You know when you find a product you absolutely can't stop raving about and realize that you haven't been living — you've been merely existing — before it came into your life? These are the feelings I have toward DHC's Deep Cleansing Oil.
Finding out the best way to remove makeup has never been a top priority for me. One, because I rarely wear it. Two, because when I do, I'm usually too lazy to take it off at the end of the night, so most of it tends to migrate onto my pillowcase by morning (don't tell my fellow members of the R29 beauty department). Since I was introduced to the DHC oil, this weird thing happened: I started actually enjoying the makeup-removal process and found myself wearing more of it, if only to have something to look forward to at the end of the day.
The magic is in the formula, which helps the makeup slide right off the face. That's right, the days of vigorous rubbing with wipes are behind you. The key is to apply the product to dry skin (and with dry hands). Thoroughly massage it into your face and watch as your stubborn waterproof mascara melts away right before your eyes. Massage as long as you see fit, and finish up by splashing some water on your face to rinse off the excess.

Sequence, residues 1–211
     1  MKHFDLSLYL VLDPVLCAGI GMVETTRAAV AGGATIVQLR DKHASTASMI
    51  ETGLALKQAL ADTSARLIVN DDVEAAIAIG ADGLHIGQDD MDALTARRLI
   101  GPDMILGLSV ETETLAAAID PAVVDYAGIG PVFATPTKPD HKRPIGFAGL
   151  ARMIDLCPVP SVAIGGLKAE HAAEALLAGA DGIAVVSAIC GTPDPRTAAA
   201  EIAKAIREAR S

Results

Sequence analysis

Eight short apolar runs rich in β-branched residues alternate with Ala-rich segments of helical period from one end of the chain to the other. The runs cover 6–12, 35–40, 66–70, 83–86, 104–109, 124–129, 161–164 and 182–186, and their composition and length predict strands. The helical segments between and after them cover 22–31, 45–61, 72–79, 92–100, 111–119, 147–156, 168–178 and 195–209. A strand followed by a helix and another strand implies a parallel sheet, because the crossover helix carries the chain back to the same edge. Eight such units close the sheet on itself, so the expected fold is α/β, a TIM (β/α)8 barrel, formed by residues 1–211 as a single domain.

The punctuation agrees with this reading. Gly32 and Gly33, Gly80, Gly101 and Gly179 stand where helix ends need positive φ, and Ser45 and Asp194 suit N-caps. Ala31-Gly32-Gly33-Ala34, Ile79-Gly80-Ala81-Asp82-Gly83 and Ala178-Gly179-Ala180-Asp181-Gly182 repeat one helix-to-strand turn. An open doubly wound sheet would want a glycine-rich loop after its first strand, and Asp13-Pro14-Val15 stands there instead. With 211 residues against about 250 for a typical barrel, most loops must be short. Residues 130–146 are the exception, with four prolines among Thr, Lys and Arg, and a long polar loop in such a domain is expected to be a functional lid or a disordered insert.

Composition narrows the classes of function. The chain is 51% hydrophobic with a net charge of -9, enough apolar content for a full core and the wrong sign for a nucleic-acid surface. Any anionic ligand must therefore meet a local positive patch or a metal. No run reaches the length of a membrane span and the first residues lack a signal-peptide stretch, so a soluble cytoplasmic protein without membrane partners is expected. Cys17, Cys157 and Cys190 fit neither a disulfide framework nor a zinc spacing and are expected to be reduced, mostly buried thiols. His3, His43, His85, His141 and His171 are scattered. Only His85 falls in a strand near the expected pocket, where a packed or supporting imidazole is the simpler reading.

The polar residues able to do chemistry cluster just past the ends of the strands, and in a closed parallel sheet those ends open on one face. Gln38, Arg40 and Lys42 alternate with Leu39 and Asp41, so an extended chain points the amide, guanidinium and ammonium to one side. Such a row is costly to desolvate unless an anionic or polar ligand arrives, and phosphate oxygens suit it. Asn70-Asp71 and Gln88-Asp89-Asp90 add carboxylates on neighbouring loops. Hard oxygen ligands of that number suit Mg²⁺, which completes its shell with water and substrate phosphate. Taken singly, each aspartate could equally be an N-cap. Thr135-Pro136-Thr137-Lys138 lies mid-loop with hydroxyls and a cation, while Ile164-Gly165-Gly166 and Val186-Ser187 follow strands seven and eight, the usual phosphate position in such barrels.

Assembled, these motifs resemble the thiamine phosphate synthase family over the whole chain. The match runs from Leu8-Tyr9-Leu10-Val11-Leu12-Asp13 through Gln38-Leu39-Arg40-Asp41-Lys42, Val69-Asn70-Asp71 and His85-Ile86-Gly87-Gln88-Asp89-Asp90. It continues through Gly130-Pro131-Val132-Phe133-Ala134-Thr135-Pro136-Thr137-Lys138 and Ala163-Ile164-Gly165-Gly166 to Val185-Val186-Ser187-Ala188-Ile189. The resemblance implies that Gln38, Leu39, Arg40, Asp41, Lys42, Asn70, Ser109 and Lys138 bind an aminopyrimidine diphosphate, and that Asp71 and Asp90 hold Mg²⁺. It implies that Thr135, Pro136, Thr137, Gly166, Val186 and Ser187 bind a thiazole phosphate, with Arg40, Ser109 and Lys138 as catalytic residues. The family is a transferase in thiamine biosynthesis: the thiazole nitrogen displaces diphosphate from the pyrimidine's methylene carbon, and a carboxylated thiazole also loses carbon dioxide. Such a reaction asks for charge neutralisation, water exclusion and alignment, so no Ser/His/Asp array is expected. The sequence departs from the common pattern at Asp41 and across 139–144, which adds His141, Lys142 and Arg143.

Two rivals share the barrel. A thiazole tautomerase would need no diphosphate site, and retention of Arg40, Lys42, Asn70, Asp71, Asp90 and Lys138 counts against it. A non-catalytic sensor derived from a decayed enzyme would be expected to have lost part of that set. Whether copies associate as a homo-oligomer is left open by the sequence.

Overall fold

All the oily-skin peeps out there are probably "nuh uh"-ing like crazy right now. But, as a member of the greasy-face club myself, I promise you this baby won't leave your skin any oilier than it already is. In fact, the cleanser is rich in antioxidants like olive and rosemary oils, and vitamin E, which help fight damage caused by free radicals, while conditioning, nourishing, and toning skin. If you're still shaking your head, you can also wash your face with your regular, everyday cleanser afterward just to be on the safe side (double-cleansing, anyone?).
Don't believe me and my boasting? Look at it this way: According to the brand's website, one bottle of this oil is sold every 10 seconds worldwide (that's 8,640 bad boys a day). Those are some impressive numbers.
Seriously, people, this is what makeup-remover dreams are made of. Try it out for yourself and report back. I'll be sure to have my "I told you so" ready to go.